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A Hidden Poland

By Jonathan Rowe / October 3, 1990



MILANOWEK, POLAND

FROM the street, the shed in the rear of 9 Chrzanowska (street) looks like a place for old oil drums. But behind the Gasoline Alley exterior, a small crew makes precision bearings for Fiat plants in Czechoslovakia and East Germany. This is a private business, Stanislaw Cwiklinski's factory. The BMW in the driveway, and the new house out front, attest that ``Stan'' has been doing quite well. No, the factory didn't sprout overnight, like the much-touted farmers' markets in Warsaw, with the passing of the Communist regime. It's part of a Poland that Americans haven't heard much about. The American press has portrayed a dreary, impoverished land of cabbage farms and crowded urban flats. That Poland does exist, and building an economy is rightly the new government's top priority.

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But exactly how to build it is another question. The advice raining down on Poland from American economists has taken scant notice of the entrepreneurs who are already here. Nor have the American experts paid much attention to the strengths of Polish life and culture that can't be measured in dollar terms.

Though the problem seems far off right now, one finds brooding concerns about a shift to an American-style economy. ``I have a [worry] that I will lose my lifestyle, being close with friends and family and culture,'' says Adam Brostek, a reporter who is helping to start a local newspaper in Milanowek. ``It is in my blood.''

Milanowek is about 20 miles outside of Warsaw on the main railroad line. Part commuter suburb, part factory town, it feels like an Old World version of the American small town of yore. Elderly couples peddle to town on fat-tired bikes, net shopping bags in hand. Farmers drive horse-drawn wagons. There are no billboards, no boom boxes. An American feels at first deprived of stimuli; but then, unburdened and relaxed.

Milanowek is more prosperous than most Polish towns. There are enough entrepreneurs to make up a small chamber of commerce (called a ``craft association'' in Communist days.)

The Polish Communists were not orthodox Marxists. Rather, they were a kind of ``mafia,'' explains Andrzej Moes, a local entrepreneur who is chairman of the recently elected town council. They kept the best government jobs, the best enterprises. Others could start a business, but only in ``difficult and twisting ways,'' such as greasing the right palms.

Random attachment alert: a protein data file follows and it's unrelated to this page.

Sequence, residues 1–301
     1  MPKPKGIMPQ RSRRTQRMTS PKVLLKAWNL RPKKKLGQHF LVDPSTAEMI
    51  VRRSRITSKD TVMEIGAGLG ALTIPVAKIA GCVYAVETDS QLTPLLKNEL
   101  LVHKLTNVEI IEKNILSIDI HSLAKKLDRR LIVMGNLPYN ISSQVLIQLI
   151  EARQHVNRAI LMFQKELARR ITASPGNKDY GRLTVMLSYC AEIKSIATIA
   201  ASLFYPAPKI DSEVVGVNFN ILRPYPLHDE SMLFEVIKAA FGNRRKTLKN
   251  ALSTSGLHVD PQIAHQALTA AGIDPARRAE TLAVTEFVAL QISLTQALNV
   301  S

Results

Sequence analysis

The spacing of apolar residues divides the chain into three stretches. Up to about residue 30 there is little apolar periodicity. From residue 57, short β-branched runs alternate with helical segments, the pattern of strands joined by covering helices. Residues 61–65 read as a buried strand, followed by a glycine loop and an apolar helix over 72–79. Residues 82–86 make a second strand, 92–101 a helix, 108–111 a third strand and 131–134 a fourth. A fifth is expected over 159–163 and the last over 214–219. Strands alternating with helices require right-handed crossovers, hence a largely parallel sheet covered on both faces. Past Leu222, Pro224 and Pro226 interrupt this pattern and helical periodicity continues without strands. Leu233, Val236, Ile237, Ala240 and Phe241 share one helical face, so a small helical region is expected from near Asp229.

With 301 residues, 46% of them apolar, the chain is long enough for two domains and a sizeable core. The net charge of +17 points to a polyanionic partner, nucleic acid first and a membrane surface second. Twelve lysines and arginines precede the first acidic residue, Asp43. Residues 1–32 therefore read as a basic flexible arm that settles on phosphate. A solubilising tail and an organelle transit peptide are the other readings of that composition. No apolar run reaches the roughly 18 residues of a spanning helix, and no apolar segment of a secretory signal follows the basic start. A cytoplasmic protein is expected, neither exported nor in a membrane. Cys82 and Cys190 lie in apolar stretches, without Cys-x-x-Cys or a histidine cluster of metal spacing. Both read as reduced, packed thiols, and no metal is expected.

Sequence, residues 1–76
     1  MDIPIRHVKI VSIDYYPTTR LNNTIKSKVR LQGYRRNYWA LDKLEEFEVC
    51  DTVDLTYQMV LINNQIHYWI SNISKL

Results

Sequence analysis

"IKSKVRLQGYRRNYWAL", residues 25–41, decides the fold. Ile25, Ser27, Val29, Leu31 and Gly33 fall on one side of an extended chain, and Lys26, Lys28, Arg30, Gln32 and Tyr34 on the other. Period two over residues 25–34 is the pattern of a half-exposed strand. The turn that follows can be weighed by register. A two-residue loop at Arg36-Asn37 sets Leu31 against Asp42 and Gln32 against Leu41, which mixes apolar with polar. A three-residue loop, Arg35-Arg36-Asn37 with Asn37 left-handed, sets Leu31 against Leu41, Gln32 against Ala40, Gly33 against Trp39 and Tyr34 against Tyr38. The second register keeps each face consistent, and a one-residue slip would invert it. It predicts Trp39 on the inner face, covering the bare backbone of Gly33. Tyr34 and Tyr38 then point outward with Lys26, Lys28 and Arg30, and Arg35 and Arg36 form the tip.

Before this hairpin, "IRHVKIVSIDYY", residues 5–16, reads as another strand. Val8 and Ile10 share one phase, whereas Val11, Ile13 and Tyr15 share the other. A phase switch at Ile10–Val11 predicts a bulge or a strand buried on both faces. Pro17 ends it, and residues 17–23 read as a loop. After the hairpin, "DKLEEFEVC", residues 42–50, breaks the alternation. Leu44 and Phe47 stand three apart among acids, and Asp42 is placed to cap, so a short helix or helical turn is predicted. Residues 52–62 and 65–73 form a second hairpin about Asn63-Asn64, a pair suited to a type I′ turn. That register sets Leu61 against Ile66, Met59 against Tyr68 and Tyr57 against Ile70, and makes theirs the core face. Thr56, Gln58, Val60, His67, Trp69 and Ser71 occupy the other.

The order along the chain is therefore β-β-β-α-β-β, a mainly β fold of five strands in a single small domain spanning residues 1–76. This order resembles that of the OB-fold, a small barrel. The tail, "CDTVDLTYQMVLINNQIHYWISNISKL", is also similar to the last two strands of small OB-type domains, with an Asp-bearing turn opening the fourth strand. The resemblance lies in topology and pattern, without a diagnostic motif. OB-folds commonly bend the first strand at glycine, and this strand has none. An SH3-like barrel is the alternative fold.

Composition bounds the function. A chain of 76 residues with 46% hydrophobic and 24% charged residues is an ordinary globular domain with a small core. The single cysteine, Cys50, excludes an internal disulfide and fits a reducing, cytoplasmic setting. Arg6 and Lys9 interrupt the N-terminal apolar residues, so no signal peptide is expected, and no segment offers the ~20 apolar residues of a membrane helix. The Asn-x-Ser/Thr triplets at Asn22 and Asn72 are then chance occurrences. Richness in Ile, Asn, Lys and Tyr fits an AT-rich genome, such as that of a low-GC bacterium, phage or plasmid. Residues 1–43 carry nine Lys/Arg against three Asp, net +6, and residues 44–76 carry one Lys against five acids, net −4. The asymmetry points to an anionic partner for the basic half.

Having endured the Communists, local entrepreneurs have a new worry: the measures designed to plunge Poland into a free-market economy. Utility rates have jumped from 50 to 100 percent, for example. Private greenhouses will be hit especially hard, as will Richard Puch, who stone-washes dungarees. With winter heating season coming, ``I'm not sure how much will be left for living,'' Puch says.

These entrepreneurs desperately need advice on conservation. But the Western economists - let alone President Bush - don't seem very interested in that.

One doesn't hear much complaining, however. There is a remarkable lack of self-pity in Poland. People agree that a market economy has to come, and are willing to sacrifice in the process. But some do worry about the social effects.

Milanowek is a town many Americans would envy, ahead for being behind. It has a bustling village center, a lack of litter and waste. Family and personal relationships are very important here. People eat their meals at home. Children stay close to parents. In most stores, products are kept behind the counter, requiring personal conversation and contact.

This is not just American sentimentalizing. ``Most people in Poland don't realize that they have very good things, apart from the political and economic problems,'' Mr. Moes says. ``We are not so spoiled by industry, commerce, and technology. We have more calm living.

``People organized in your way are separate from one another. Here people are forced to lead a social life, to have contacts.''

Moes's business is suffering while he devotes full time to town affairs. Like many Poles, he is both hopeful and fatalistic. ``It will bring both sides, good and bad,'' he says of the market. ``I hope the good influence will be the majority.''